‘BlackSpace Oklahoma’ Project Will Highlight Historic Landmarks For Future Generations
OKLAHOMA CITY - A new project is taking shape to highlight historic landmarks across Northeast Oklahoma City. It is called BlackSpace Oklahoma, and organizers plan to merge our past with our future.
We all have memories of places that pinpoint important moments in our lives. Oftentimes, though, they are only celebrated in our minds. BlackSpace Oklahoma hopes to change that for generations of local African-Americans, starting at the old Page Woodson School, now an apartment building that maintains its character.
“The truth and the history as it is documented in historical centers, is kind of one side of the story or one piece of the story,” says architect and OU professor Deborah Richards, who is part of the project.
With grants from Oklahoma Humanities and the National Endowment for the Humanities, though, the group has already completed two lectures on Northeast OKC's history and the process of storytelling.
Now, they need your voice.
BlackSpace Oklahoma co-founder Gina Sofola says, “We really stand at a place in time where we have the opportunity to begin to tell the story from our perspective and to begin to document those stories.”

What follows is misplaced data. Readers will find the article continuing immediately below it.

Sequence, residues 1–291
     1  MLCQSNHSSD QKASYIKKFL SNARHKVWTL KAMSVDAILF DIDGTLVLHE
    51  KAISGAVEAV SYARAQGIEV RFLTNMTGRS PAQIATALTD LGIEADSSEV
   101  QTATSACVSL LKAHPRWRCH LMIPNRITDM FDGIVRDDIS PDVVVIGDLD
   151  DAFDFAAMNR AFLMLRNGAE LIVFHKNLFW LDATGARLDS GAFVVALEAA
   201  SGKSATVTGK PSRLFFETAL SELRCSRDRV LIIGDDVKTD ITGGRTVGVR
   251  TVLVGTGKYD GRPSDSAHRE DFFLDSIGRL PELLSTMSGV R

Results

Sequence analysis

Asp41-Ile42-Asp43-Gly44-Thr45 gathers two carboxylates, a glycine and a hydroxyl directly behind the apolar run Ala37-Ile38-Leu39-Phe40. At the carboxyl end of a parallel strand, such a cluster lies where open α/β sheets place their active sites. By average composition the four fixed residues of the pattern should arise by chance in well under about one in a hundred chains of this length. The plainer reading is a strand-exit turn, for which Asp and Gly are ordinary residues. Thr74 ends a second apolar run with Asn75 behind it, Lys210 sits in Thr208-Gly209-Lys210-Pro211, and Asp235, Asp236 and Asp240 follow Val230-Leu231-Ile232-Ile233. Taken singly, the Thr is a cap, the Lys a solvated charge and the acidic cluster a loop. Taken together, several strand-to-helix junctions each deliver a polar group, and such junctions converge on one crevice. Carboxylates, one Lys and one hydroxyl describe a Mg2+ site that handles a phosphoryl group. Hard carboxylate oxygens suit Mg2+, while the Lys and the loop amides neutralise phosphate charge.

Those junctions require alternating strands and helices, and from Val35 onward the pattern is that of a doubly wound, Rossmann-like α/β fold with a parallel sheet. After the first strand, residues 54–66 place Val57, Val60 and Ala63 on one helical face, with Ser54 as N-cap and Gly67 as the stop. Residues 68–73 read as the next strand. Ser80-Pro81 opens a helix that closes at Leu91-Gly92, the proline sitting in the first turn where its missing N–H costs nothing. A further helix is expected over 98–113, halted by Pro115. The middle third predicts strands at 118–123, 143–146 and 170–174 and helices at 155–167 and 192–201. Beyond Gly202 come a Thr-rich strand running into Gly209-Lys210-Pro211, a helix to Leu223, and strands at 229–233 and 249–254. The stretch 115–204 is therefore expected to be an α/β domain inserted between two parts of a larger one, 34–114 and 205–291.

Richards adds, “We are planning on taking all of the stories, lectures and information that we collect and creating sort of an interactive map or field guide, if you will.”
BlackSpace will install interactive exhibits throughout the city with artifacts, art and videos, with guidance from experts like Rick Lowe, who built similar spaces in Tulsa and Houston.
Page Woodson developers are taking a page from Lowe’s book for the work starting here. Across the street, new apartment buildings called The Seven represent seven prominent figures who helped shape the neighborhood's past.
“Hopefully we’re able to do that throughout the development,” Sofola says, “and really begin to maybe even establish the beginnings of a cultural corridor.”
Bring your history to the storytelling workshop happening at the Page Woodson auditorium this Saturday, March 16 from 9 a.m. to 4:30 p.m. The day will be broken into 20-40 minute sessions.
Select families will be able to create a short film of their story during a three-day intensive digital storytelling workshop at Page Woodson, March 21-23.
Lowe will give the third and final lecture of the series at Page Woodson on March 30 from 10 a.m. to 12:30 p.m.
News 9 is part of a local initiative that brings all of our local media outlets together to give Oklahoma a United Voice in promoting a healthy dialogue on race. To see more stories, visit UnitedVoiceOK.org.